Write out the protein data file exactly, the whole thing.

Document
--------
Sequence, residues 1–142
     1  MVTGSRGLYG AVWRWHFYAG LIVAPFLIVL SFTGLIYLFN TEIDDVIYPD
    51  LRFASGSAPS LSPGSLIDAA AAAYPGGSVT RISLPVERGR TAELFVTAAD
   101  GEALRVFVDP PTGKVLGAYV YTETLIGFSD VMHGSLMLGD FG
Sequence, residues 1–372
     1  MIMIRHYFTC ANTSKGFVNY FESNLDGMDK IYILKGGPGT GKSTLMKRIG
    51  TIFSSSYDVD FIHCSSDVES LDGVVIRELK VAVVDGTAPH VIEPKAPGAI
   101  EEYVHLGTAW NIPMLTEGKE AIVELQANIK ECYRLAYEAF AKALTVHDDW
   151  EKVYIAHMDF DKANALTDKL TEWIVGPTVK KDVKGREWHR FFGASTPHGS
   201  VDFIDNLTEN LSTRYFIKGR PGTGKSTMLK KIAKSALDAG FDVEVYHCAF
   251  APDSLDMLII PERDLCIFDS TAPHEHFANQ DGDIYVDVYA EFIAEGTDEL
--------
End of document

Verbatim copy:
Sequence, residues 1–142
     1  MVTGSRGLYG AVWRWHFYAG LIVAPFLIVL SFTGLIYLFN TEIDDVIYPD
    51  LRFASGSAPS LSPGSLIDAA AAAYPGGSVT RISLPVERGR TAELFVTAAD
   101  GEALRVFVDP PTGKVLGAYV YTETLIGFSD VMHGSLMLGD FG
Sequence, residues 1–372
     1  MIMIRHYFTC ANTSKGFVNY FESNLDGMDK IYILKGGPGT GKSTLMKRIG
    51  TIFSSSYDVD FIHCSSDVES LDGVVIRELK VAVVDGTAPH VIEPKAPGAI
   101  EEYVHLGTAW NIPMLTEGKE AIVELQANIK ECYRLAYEAF AKALTVHDDW
   151  EKVYIAHMDF DKANALTDKL TEWIVGPTVK KDVKGREWHR FFGASTPHGS
   201  VDFIDNLTEN LSTRYFIKGR PGTGKSTMLK KIAKSALDAG FDVEVYHCAF
   251  APDSLDMLII PERDLCIFDS TAPHEHFANQ DGDIYVDVYA EFIAEGTDEL